Loving Frank

Unabridged Audiobook

Written By: Nancy Horan

Narrated By: Joyce Bean

Publisher: Brilliance Audio

Date: August 2007

Duration: 13 hours 42 minutes

Summary:

I have been standing on the side of life, watching it float by. I want to swim in the river. I want to feel the current. So writes Mamah Borthwick Cheney in her diary as she struggles to justify her clandestine love affair with Frank Lloyd Wright. Four years earlier, in 1903, Mamah and her husband, Edwin, had commissioned the renowned architect to design a new home for them. During the construction of the house, a powerful attraction developed between Mamah and Frank, and in time the lovers, each married with children, embarked on a course that would shock Chicago society and forever change their lives. In this groundbreaking historical novel, fact and fiction blend together brilliantly. While scholars have largely relegated Mamah to a footnote in the life of America's greatest architect, author Nancy Horan gives full weight to their dramatic love story and illuminates Mamah's profound influence on Wright. Drawing on years of research, Horan weaves little-known facts into a compelling narrative, vividly portraying the conflicts and struggles of a woman forced to choose between the roles of mother, wife, lover, and intellectual. Horan's Mamah is a woman seeking to find her own place, her own creative calling in the world, and her unforgettable journey, marked by choices that reshape her notions of love and responsibility, leads inexorably to this novel's stunning conclusion.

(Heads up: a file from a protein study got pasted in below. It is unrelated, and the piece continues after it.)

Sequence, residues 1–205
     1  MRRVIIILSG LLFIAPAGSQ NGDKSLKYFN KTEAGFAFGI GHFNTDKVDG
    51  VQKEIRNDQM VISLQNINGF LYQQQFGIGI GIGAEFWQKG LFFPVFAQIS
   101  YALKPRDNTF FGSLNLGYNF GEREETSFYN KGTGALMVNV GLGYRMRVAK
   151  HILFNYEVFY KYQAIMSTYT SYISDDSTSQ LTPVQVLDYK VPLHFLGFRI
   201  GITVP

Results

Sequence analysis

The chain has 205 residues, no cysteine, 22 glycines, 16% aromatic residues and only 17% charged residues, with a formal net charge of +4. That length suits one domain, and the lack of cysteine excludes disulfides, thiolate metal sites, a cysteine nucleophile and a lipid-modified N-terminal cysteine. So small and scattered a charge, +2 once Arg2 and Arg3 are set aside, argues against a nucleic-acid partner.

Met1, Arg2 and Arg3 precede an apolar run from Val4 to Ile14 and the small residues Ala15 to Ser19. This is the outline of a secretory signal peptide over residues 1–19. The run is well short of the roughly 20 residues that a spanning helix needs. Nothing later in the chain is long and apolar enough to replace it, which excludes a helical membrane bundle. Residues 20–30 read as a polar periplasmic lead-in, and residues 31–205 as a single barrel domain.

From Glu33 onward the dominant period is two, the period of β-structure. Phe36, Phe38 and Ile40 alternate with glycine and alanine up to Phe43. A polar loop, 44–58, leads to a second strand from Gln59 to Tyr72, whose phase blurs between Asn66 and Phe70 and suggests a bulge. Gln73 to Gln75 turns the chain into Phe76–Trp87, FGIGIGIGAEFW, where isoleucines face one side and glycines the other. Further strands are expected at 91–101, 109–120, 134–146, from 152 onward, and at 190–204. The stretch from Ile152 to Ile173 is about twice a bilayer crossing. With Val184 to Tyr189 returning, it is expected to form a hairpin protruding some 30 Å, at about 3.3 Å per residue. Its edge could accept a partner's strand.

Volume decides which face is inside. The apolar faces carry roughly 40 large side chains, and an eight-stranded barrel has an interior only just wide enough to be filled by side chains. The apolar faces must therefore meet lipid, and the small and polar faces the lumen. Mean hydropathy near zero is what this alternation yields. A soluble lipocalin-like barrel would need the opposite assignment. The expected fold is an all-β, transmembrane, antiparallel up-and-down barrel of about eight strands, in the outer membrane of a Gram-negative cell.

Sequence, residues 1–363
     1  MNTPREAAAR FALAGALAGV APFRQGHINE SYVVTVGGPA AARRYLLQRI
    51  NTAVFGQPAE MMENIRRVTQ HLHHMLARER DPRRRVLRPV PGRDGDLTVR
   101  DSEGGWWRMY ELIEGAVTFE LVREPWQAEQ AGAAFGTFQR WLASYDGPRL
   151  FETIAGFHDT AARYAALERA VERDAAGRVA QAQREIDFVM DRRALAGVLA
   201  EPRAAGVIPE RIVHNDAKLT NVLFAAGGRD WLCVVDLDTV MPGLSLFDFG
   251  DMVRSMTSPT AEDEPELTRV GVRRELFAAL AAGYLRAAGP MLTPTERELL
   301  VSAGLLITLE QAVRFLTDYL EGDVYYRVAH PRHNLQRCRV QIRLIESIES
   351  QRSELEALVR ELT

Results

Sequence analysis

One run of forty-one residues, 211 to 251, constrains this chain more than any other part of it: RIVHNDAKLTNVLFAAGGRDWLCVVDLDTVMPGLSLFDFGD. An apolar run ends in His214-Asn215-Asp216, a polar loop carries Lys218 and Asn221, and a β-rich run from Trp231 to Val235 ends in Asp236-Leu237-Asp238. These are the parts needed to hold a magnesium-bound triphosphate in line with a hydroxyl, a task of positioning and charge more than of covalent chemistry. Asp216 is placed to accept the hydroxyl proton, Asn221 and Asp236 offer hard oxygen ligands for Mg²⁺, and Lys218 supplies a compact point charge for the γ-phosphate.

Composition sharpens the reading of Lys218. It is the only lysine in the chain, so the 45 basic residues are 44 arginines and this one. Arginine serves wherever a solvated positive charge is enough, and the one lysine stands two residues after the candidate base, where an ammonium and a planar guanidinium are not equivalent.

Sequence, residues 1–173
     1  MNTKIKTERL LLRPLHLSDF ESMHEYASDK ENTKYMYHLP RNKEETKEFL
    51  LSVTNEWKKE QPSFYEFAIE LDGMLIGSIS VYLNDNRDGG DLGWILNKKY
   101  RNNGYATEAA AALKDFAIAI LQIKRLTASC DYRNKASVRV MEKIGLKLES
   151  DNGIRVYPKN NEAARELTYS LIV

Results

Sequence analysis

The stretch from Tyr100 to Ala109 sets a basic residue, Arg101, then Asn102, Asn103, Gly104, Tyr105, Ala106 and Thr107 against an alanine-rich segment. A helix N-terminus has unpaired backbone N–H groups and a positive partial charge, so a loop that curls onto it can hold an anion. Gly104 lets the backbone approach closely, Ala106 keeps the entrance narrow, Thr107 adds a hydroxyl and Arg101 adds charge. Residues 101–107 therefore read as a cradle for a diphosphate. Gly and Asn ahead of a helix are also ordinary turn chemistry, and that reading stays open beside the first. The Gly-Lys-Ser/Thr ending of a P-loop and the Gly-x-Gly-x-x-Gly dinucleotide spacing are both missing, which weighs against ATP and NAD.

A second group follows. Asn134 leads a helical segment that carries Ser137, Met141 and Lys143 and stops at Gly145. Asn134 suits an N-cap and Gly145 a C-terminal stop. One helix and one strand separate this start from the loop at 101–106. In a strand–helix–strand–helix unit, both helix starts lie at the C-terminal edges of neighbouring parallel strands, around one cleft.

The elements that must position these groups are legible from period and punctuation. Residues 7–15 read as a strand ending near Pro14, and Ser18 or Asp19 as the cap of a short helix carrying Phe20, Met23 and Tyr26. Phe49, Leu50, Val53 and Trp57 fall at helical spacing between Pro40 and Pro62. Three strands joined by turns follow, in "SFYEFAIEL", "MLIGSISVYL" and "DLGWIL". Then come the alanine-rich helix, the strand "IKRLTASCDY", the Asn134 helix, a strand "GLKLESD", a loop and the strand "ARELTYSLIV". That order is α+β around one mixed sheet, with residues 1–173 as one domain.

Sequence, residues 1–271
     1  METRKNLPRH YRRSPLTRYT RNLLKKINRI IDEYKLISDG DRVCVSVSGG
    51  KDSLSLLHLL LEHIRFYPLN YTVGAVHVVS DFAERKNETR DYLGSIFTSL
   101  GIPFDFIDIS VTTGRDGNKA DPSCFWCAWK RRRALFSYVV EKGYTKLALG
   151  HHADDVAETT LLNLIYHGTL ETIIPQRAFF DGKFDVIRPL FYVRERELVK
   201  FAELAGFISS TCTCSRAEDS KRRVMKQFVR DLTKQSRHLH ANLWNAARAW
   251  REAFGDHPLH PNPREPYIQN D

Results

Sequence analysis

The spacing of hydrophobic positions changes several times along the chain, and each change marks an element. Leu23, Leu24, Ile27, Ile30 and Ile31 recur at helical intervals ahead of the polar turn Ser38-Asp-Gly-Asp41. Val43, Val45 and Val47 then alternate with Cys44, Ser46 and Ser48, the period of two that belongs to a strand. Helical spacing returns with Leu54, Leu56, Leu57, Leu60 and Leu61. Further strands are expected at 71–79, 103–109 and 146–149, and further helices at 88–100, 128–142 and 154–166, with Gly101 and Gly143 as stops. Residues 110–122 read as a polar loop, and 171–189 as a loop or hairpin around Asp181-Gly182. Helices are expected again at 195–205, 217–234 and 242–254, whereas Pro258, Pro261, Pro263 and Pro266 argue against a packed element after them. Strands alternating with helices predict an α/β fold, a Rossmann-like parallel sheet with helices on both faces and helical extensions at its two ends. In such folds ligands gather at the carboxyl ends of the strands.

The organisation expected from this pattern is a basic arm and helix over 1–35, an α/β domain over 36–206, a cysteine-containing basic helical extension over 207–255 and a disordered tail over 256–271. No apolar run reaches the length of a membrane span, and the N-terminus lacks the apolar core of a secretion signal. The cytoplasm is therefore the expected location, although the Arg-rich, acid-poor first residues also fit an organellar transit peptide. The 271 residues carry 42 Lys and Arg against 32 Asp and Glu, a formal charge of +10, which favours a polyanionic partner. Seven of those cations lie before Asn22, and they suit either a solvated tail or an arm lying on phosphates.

Genres:

  • Lorna

    We all know about FLW's houses and buildings but how many of us know about the woman he left his first wife for? Wikipedia supports the basic facts. Keep reading to hear the ending! Pleasantly read.

  • Anonymous

    I really like the book, and have recommended it to others, who equally like it. Strong story, evocative words, yet there is no strong denouement, so those of you who want AN ENDING aren't going to find it here. I've always admired Frank Lloyd Wright, and this was a fascinating look at his 'middle years'.